Tue, Apr 16, 2013 - Page 8 News List

EDITORIAL: Preparing to defend democracy

For Taiwanese, suitcase bombs have long been the stuff of movies or international news reports, but now they have been found in Taiwan, after suitcases containing explosive devices were discovered on Friday on a high-speed rail train and outside the constituency office of Chinese Nationalist Party (KMT) Legislator Lu Chia-chen (盧嘉辰). At first thought to be a tasteless prank, police have confirmed that the suitcases held bona fide explosive devices. If not for the prompt reactions of police and train staff we might have witnessed the same large number of casualties as in the bombing of the Alfred P. Murrah Federal Building in Oklahoma City in 1995.

On Sunday, police detained two men — brothers surnamed Lai (賴) — in Greater Taichung’s Dali District (大里) and took them in for questioning. The Lais were subsequently absolved of involvement and released, and the police have now turned their attention to tracking down another man seen in a surveillance video outside Lu’s office. Given the seriousness of the incidents, it is of paramount importance that the police find the perpetrators as soon as possble and that they make sure a prosecution case is watertight.

Police have not ruled out the possibility that the incidents were politically motivated: The suitcases left outside Lu’s office had the text “Long Live Guan Gong, Ma Ying-jeou” (關聖帝君千秋 馬英九, Long live the Holy Emperor Kuang Ma Ying-jeou) written on them. Whether or not the incidents were politically motivated, the police must determine the suspects’ motives. There is no justification for such terrorist behavior and it should be dealt with to the full extent of the law.

Taiwan is a democratic nation which enjoys almost unlimited freedom of expression, which means that any demand or protest can put heavy pressure on the government. As long as Taiwanese manage to communicate, argue and attempt to persuade each other, there is a possibility that we will be able to change major policies; we must never resort to extremism or terrorist acts that hurt innocent people.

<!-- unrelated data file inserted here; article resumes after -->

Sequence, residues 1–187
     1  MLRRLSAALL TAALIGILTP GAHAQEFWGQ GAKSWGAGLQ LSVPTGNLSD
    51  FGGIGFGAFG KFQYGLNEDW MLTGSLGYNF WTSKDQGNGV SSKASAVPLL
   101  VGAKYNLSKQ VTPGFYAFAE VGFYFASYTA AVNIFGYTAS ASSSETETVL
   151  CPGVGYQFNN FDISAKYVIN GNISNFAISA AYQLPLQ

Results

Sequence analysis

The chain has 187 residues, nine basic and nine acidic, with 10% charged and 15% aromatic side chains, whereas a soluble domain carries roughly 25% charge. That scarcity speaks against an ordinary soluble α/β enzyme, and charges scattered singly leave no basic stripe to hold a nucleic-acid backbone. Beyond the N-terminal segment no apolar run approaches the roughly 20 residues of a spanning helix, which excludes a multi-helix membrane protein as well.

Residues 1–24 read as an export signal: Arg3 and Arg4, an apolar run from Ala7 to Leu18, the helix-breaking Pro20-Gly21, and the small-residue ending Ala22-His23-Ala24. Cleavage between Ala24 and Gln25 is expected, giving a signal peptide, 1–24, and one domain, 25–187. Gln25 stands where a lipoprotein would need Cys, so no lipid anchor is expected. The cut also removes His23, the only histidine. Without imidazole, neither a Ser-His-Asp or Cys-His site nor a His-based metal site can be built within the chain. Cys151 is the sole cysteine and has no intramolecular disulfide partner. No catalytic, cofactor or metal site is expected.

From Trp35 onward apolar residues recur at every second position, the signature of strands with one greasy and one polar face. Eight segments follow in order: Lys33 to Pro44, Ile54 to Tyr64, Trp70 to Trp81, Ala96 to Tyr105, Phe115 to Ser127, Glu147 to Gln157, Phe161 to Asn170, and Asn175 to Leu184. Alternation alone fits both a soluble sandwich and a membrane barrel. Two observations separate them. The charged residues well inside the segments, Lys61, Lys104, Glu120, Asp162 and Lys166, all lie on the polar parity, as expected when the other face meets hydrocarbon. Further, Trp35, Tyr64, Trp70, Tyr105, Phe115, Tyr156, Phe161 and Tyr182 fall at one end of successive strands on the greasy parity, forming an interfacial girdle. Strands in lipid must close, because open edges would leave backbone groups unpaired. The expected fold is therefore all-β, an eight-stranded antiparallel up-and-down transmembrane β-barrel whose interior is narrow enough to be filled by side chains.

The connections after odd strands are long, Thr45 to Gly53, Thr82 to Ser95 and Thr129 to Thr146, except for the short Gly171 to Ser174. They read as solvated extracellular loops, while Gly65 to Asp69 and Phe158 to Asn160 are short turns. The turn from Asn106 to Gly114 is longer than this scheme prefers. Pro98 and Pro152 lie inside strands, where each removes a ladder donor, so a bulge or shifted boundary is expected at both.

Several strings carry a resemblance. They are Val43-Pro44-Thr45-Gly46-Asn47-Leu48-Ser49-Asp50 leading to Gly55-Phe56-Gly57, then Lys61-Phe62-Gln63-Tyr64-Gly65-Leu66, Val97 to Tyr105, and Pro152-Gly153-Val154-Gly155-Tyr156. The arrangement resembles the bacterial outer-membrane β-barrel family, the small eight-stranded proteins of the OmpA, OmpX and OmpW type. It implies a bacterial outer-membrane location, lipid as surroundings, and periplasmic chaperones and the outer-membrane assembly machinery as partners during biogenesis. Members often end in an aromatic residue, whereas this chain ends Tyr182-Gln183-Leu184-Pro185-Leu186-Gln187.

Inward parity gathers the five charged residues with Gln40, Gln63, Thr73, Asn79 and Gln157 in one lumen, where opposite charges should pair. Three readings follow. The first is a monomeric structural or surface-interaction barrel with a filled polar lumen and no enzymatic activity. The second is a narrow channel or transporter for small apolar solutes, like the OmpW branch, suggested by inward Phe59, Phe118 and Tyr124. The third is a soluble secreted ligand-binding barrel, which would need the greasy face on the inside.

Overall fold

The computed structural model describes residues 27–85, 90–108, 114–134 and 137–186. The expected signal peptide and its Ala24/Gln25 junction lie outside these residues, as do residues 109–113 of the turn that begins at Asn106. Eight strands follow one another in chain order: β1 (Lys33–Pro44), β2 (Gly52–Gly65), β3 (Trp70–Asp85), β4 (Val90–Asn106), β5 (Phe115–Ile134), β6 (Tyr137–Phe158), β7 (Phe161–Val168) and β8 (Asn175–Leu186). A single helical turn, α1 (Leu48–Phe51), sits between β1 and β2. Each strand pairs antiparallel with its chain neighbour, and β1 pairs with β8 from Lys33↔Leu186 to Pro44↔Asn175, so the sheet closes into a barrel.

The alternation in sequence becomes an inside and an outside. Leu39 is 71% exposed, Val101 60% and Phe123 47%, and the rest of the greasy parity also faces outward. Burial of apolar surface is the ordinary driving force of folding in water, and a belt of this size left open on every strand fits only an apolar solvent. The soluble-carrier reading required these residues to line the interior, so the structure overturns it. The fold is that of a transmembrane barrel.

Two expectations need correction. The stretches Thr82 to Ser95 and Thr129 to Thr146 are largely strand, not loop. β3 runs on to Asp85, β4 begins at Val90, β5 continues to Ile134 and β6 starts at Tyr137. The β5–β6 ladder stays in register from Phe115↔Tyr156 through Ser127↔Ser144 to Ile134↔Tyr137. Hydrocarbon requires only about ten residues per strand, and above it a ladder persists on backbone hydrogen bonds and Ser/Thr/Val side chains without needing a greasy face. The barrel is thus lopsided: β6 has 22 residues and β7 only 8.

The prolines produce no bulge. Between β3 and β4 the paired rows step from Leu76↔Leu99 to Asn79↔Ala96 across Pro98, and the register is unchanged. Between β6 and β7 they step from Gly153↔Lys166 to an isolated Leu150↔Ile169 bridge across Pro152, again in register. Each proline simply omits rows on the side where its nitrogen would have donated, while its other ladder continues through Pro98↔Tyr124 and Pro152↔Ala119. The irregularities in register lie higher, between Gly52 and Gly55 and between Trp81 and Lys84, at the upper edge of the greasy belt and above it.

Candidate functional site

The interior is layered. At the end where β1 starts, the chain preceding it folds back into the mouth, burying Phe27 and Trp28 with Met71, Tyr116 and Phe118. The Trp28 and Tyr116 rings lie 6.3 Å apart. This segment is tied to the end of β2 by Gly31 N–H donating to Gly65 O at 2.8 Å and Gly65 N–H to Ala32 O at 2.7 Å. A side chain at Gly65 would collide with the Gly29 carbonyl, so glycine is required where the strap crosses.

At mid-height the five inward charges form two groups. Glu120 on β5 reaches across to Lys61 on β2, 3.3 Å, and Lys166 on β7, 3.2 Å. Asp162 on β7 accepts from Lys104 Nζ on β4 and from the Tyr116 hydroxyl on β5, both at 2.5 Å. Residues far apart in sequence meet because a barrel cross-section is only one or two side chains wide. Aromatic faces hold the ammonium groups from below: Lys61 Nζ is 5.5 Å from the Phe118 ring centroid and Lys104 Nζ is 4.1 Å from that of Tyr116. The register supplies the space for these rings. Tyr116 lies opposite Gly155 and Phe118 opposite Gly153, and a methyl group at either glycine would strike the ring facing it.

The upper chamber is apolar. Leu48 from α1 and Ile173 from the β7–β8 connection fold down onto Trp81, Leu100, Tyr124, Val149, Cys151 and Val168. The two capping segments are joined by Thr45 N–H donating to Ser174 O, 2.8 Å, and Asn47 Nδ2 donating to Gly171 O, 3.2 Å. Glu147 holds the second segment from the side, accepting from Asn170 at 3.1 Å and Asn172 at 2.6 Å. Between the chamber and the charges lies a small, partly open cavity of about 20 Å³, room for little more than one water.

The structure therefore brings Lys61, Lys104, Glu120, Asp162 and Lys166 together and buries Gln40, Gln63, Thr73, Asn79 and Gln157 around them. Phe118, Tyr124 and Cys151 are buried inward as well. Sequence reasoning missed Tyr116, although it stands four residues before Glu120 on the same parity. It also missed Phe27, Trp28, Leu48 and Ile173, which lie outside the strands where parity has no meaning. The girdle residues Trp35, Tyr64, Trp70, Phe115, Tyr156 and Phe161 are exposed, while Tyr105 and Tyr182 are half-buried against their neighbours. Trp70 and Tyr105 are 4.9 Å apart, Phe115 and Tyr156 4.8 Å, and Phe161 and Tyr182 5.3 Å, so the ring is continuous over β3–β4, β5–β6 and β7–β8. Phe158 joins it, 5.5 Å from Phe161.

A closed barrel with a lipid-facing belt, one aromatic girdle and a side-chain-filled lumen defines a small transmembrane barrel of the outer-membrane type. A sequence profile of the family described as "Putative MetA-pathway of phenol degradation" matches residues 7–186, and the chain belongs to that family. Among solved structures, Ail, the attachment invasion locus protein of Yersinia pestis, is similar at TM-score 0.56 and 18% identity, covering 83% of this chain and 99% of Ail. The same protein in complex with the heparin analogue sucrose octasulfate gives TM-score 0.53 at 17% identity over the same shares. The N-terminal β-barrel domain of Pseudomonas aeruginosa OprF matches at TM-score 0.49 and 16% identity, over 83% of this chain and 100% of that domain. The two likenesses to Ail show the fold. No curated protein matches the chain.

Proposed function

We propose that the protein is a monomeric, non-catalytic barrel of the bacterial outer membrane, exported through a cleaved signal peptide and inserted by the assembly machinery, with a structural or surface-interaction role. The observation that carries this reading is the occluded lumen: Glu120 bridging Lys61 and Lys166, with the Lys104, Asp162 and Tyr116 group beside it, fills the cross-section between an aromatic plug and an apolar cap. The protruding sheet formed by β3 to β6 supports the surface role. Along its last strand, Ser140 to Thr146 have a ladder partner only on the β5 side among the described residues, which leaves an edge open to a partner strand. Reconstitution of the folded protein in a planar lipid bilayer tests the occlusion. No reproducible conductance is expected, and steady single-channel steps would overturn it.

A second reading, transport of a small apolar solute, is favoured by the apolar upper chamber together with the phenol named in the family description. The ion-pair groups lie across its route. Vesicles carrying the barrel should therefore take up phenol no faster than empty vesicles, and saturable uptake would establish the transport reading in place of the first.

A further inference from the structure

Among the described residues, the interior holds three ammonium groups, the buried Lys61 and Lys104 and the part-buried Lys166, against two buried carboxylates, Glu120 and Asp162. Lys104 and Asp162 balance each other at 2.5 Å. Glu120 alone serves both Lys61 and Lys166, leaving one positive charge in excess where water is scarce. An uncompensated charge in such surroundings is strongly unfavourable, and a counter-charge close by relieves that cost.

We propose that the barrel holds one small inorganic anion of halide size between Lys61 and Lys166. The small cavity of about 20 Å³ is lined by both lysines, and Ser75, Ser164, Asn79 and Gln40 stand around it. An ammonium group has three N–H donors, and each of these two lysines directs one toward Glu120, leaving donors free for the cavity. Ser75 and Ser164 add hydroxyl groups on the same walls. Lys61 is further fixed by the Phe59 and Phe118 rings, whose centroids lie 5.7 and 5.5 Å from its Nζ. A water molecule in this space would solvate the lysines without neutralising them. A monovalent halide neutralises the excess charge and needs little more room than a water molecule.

If extremism or dissatisfaction develops among those on the fringes of society and causes people to resort to terrorist acts to avenge themselves on society, then the situation must be promptly clarified and handled according to the law.

The planting of the suitcase bombs may impact on mutual trust throughout society and lead to costly security measures and controls. In future, anyone with a suitcase may become a suspect and the target of strict controls and searches.

The rules implemented in the US following the Sept. 11, 2001, terror attacks have resulted in extended travel times, the hiring of additional security personnel, impacted the country’s ability to attract talented people and affected national defense and economic and social development. With small means, terrorists can force whole societies and the international community to spend huge amounts of money in dealing with their threat, creating a deeply asymmetric situation.

Taiwan has always been an orderly society in which terror attacks are almost unimaginable. However, Taiwanese can no longer afford to be careless. If a bomb is so easily hidden in a suitcase, then police and the judiciary must quickly find and punish the guilty and move swiftly to prevent copycat events.

Just as we have been doing prior to every election since the assassination attempt on then-president Chen Shui-bian (陳水扁) and vice president Annette Lu (呂秀蓮) on March 19, 2004, Taiwanese must now hold their breath and pray that Friday’s incidents are isolated events that are not attempted again.

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